Erika points out that New York implemented new codes requiring mechanical ventilation before permits can be issued to finish a basement. “They’re recognizing that air quality is not just what resides in the basement pre-remodel, it’s also that when you start to actively remodel the basement you’re introducing a whole host of man-made contaminants, like resins, new flooring, new carpet, new paint, and there’s no way for those pollutants to exit the house.”

Some dehumidifiers also have an air filter built in. Krueger says their dehumidifiers have a MERV 13 filter on them, which provides a high level of filtration on the dehumidifier.

Sump Pumps

Petersen says having a main sump pump and a backup pump are going to be important because if the main pump clogs or fails, you still have the backup pump. “One of the things we’d always suggest is to have some sort of backup system for monitoring and controls as well as waterproofing a space,” he says. “A finished basement is a significant investment and a backup system is another level of protection you have for the investment you’re putting into that new basement.”

Safe Basements recommends a battery powered backup system for your sump pump as an ideal protective measure, that way if the power goes out when you’re out of town on vacation, the pumps can still work.

Many basements have moisture issues already, and then since homeowners don’t necessarily know what to do, the problem doesn’t get resolved. They may think that all they have to do is install a dehumidifier, but that doesn’t always do enough. “If there’s a water issue that isn’t being dealt with, it can be resolved at first but then it’s just going to come back,” explains Brock Thatcher, basement and crawl space channel manager for Aprilaire.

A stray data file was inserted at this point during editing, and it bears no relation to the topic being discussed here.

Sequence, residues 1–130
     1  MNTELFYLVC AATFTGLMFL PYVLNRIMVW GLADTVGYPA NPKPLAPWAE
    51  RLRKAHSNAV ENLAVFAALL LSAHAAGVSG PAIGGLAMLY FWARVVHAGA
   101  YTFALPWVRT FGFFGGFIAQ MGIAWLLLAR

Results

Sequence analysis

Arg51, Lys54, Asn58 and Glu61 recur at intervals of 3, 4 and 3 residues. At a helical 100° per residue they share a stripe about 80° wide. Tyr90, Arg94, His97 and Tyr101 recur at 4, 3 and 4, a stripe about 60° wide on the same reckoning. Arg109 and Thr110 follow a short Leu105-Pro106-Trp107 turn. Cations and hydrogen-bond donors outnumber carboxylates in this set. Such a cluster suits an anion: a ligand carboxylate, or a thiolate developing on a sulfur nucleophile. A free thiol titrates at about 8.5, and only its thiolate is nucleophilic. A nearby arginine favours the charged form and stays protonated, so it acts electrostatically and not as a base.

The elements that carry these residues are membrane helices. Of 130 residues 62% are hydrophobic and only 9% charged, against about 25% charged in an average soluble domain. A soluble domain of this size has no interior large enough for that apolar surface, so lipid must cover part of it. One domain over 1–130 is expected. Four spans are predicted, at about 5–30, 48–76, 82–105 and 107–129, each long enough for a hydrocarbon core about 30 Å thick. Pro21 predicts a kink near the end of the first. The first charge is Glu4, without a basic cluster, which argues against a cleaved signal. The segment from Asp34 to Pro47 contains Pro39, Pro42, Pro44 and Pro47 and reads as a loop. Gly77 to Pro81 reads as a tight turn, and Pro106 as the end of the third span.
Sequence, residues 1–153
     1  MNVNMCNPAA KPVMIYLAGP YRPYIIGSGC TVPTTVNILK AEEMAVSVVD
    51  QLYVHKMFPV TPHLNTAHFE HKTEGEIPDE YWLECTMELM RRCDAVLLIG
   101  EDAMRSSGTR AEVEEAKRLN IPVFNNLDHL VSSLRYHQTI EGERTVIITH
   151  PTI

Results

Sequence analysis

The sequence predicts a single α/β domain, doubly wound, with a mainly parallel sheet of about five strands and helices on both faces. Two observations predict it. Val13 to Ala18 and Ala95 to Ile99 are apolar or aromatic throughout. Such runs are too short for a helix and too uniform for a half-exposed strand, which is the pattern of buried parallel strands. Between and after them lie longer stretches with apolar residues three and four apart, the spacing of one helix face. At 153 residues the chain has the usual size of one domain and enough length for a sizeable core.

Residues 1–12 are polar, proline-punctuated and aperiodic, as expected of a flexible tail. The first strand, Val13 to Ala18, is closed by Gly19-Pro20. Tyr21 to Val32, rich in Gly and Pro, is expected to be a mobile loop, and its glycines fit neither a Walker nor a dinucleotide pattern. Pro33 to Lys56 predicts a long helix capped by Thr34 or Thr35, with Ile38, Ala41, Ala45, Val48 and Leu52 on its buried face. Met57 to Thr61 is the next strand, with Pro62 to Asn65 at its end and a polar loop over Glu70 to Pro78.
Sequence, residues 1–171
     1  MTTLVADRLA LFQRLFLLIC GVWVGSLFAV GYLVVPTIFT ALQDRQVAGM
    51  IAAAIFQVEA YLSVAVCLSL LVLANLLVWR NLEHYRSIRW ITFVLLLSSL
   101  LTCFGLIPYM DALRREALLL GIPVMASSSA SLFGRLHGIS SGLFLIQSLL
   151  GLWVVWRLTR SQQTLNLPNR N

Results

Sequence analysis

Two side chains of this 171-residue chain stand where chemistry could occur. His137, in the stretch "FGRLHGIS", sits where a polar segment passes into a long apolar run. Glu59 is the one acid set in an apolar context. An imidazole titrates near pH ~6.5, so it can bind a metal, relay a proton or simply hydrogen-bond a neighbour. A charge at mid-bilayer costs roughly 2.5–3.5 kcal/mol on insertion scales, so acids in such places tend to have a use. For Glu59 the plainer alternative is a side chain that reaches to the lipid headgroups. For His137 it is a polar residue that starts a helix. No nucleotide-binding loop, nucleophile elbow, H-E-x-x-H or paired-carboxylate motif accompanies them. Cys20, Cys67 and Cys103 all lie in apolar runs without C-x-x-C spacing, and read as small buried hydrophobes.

Andre Lacroix says people often say they don’t have a water problem in their basement. But he always reminds people that water has multiple forms, including water vapor. He uses the analogy of holding two rags while in the kitchen — holding a dry rag and a wet rag together doesn’t make the wet rag dry, it makes the dry rag wet. “With a basement, we dig out a foundation and then we build a concrete wall that separates the earth from our house,” he explains. “And concrete block is very porous, so now we have a situation where the wet earth will always try to move moisture through the wall if it can. So we want to evacuate that so if it does come in the house, it’s removed right away.”


Kaminski often shares the EPA’s figures with homeowners, which state that they want to keep a home’s humidity between 30 to 50% ideally. And you need monitoring to make sure you’re within that range. At home, she has an Aprilaire whole-house humidistat on her furnace, which she says turns on when it’s needed and turns off when it’s not. Some dehumidifiers have options for monitoring humidity as a feature.

Emecole has a unit called the Ion+ Connect, a communicator that monitors the sump pump and surrounding conditions in the basement. At any time and from any place, the Ion+ Connect gives homeowners a notification when there’s a potential problem. “It uses Wi Fi or cellular and you can text it and it will respond with information about runtime and how much it’s pumped each time,” Kaminski says. “It will text you if the power is out and let you know that it’s switched to battery power.”